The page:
With all the recent news about Tony Hsieh's decision to flatten Zappos' organization, Girish Navani's (C.E.O. of eClinicalWorks) comments about titles in the workplace really struck me:

We don’t have titles. I used to call myself co-founder, but then some of our larger customers wanted to know who the C.E.O. was. Our whole company is built around teams. The only leadership position you can have is team leader. Your career grows through bigger projects and initiatives.

Full disclosure: when I ran my skateboarding shoe company for several years, the only titles my partner and I allowed was "worker." Our thinking was that if you couldn't identify the person's job by what he did, he probably wasn't doing his job all that well. And when I worked for a brief time at Adidas, I put "corporate fat" on my business card. (I figured that there's an unlimited supply of organizational fat, so it would be unlikely that I'd ever get cut. My boss wasn't amused, and mentioned that when I was fired eight weeks later. But that's another story.) So I'm always interested in the elimination of titles.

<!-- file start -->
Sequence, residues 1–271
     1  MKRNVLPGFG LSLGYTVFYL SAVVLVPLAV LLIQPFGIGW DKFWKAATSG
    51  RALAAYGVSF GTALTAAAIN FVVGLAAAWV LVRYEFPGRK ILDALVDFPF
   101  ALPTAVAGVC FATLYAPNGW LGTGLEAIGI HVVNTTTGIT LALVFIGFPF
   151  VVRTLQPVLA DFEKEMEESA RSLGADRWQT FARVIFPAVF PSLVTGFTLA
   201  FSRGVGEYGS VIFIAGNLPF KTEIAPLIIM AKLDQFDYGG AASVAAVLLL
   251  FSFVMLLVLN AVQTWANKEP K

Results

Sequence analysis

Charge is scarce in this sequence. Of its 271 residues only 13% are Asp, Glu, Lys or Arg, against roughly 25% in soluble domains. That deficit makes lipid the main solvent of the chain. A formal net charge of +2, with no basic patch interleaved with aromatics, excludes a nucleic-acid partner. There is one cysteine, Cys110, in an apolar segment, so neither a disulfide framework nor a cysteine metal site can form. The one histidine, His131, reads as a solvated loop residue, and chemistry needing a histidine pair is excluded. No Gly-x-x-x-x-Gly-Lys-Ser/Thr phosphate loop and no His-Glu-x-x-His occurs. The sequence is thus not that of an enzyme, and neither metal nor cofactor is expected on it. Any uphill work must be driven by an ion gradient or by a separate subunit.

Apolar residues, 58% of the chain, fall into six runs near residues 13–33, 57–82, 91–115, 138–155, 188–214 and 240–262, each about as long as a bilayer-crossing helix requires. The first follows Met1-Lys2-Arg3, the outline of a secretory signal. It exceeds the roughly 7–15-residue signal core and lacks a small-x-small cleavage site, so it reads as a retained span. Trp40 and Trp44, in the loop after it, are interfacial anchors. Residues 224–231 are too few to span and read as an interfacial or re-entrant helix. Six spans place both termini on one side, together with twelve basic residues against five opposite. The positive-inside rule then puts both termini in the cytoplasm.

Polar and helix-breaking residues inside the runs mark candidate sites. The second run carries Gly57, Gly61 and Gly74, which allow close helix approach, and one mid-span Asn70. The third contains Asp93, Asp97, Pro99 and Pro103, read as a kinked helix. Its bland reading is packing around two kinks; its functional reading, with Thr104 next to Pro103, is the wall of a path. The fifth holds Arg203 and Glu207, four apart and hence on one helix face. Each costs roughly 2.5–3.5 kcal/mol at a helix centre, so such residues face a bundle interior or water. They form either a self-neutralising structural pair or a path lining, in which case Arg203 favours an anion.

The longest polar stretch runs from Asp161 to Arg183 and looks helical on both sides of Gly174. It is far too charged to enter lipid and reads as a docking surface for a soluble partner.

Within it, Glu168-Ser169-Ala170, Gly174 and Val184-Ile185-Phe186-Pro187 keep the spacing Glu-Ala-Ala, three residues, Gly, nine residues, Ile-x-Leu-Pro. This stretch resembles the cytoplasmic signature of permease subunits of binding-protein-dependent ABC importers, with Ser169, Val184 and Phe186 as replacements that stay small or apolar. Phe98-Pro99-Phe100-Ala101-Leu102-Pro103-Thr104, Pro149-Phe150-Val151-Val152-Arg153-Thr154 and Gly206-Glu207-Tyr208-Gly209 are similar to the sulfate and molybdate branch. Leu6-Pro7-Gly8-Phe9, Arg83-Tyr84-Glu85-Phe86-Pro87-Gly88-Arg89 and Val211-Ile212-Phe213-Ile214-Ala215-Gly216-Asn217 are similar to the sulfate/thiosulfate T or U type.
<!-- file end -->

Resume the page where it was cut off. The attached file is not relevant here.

But leaving aside my preference for a non-hierarchical, low-title workplace, Navani is perspicacious in his assessment of human nature when he says:

Sometimes you have individuals who seek titles. But what I won’t do is create an unsustainable title warfare — today they’re a V.P., tomorrow a senior V.P., then executive V.P. New titles get old within the first day of having them. Titles are self-fulfilling, short-term objectives that you get tired of. Then you aspire for another title, and then you essentially create a business whose growth path of individuals now becomes their title growth rather than serious accomplishments and creating change in the industry.